Tis the Season

“That would be incredibly cruel. Not to mention dangerous. Are you serious?”

Not for the first time, Will wonders how much of Hannibal’s insanity plea was justified. It’s not that he thinks Hannibal is above trying to make him hurt others; but the madman actually has the gall to be taken aback, now, as if he had anticipated Will liking the idea. Will had always thought that Hannibal knows the difference between cruelty and kindness and simply prefers the two to be balanced, in lieu of skewed towards the latter as most people prefer. But perhaps he’d only ever known that there was a difference for other people. If that’s the case, now that he is separated from the company or input of any human besides Will, the extent to which he is unmoored from reality is finally becoming apparent.

And it’s not even the cruelty of the act that Will is most surprised about: it’s the danger. The danger, for so little reward, and what reward there would be wouldn’t even touch Hannibal. In a way, it’s almost sweet. They’ve been recovering for months, and now that they’re healed enough to walk without pain and blend into the Christmas travel crowds, they’re preparing to flee to Continent. Hannibal would put all that in jeopardy, for what? There is nothing that he could possibly gain from Will’s doing this, Will thinks furiously, and then curses the fact that he’s even thinking about it.

“I am serious,” says Hannibal. “It is is the traditional season, after all, for reaching out to maintain connections with those whose lives we have touched, and who have touched ours. I usually write letters, but seeing as we have unwittingly retreated to a location proximate to your ex-wife, a visit would be entirely polite.”

Hannibal is sitting in the cabin’s only upholstered armchair, but there’s a ledge inside the window that is opposite him that is wide enough for Will to sing down onto, hugging his knees to his chest. It’s an odd facsimile of their old positions, opposite each other in Hannibal’s old Baltimore office. “Do you think I’m going to kill her?” Will asks.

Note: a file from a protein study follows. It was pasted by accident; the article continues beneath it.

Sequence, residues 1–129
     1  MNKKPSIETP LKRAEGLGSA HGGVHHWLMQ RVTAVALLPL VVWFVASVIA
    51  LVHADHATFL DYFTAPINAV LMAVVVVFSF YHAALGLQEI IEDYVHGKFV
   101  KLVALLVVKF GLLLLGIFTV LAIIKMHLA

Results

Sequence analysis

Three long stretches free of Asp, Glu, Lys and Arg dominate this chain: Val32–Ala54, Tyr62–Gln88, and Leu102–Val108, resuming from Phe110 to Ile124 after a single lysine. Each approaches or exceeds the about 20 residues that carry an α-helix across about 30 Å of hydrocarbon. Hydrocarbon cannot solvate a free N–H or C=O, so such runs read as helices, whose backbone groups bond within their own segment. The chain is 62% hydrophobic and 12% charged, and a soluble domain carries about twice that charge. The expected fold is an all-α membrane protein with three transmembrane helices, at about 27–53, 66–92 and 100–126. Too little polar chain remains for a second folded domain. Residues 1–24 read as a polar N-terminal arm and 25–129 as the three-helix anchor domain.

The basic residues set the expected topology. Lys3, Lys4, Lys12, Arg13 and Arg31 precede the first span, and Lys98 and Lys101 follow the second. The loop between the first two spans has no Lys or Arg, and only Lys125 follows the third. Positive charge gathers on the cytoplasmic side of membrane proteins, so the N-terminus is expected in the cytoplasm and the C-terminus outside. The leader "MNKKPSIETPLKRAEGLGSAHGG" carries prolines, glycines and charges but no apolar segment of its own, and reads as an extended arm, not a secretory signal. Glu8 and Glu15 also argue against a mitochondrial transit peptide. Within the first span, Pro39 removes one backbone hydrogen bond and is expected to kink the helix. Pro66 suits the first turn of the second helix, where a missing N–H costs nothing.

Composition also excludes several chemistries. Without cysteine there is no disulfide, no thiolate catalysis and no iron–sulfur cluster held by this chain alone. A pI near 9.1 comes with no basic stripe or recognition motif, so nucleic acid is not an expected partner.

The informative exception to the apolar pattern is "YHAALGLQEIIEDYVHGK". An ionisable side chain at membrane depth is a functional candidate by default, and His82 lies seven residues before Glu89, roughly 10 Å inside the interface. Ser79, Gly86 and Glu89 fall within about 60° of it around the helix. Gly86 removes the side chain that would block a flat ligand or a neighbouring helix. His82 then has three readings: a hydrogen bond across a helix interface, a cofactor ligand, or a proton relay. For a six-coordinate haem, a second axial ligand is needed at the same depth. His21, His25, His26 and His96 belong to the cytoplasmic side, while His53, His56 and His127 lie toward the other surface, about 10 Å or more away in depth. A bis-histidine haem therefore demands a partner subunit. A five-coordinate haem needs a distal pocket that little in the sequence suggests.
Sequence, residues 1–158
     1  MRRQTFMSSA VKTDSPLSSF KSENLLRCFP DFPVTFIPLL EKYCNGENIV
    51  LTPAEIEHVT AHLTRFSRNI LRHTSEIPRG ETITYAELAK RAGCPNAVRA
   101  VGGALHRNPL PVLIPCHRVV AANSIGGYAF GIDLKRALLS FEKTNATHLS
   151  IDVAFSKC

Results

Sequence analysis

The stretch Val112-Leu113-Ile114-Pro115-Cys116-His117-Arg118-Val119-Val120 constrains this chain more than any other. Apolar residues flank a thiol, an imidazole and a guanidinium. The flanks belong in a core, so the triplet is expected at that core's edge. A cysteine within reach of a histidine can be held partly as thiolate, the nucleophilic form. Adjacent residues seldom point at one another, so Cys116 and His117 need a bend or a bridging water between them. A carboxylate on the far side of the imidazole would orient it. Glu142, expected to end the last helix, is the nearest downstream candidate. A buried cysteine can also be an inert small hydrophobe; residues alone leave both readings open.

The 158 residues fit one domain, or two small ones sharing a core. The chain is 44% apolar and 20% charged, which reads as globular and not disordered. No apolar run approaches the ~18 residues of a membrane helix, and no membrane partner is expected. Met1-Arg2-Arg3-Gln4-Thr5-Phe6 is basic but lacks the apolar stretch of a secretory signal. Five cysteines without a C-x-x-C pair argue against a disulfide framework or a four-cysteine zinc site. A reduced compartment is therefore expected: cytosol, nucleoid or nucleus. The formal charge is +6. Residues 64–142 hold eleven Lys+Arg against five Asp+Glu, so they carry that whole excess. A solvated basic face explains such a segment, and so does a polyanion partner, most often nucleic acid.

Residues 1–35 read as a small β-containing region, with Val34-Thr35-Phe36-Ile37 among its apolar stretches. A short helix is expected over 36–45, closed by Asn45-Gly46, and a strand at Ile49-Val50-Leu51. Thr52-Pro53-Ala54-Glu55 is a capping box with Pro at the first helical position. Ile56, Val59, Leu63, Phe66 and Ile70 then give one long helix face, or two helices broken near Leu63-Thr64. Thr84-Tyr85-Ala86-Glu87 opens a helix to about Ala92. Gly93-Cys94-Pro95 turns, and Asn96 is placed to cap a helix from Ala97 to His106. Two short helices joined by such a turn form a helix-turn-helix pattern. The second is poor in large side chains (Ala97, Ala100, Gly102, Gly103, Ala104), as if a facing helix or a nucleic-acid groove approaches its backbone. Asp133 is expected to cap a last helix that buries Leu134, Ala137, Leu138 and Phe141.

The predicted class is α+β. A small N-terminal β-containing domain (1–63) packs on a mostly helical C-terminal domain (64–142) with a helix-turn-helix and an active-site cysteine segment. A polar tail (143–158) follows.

He wishes he hadn’t said it as soon as it escapes his lips, because Hannibal’s gaze grows hungry and for a moment he can see it behind his eyes: Molly’s momentary shock fading into something worse, acceptance, the horrifying fact that if Will did show up to finish the job Hannibal started, it would be what she’s come to expect from life. From him. If he betrayed her, it would be one more in a long line of betrayals and disappointments that she’s never had the luxury of getting messed-up over, not when she has a son to raise and a job to do and a life to rebuild. Molly Foster has always just carried on in spite of everything. Her blood splatters on the inside of his eyelids.

“I certainly would not object,” says Hannibal. “But that was not my expectation, no.”

Now that he’s thought about it, though– his hands wringing Molly’s neck, his knife piercing her delicate flesh– Will feels itchy with it. It’s not what he would do. Of course he wouldn’t kill Molly. But in the absence of knowing what he would do if he saw her again, the image lingers.

He buries his too-long hair in his hands, tugging slightly in frustration. “Fuck,” he mutters. It’s insanity. The absolute best-case scenario, if he goes, is that Molly never tells another soul, and instead of living the rest of her life the widow of a man who could be considered a martyr as long as nobody looks too closely at the details, she will always know that she married a monster. Worst-case scenario, she calls the police, and this time Hannibal ends up on death row.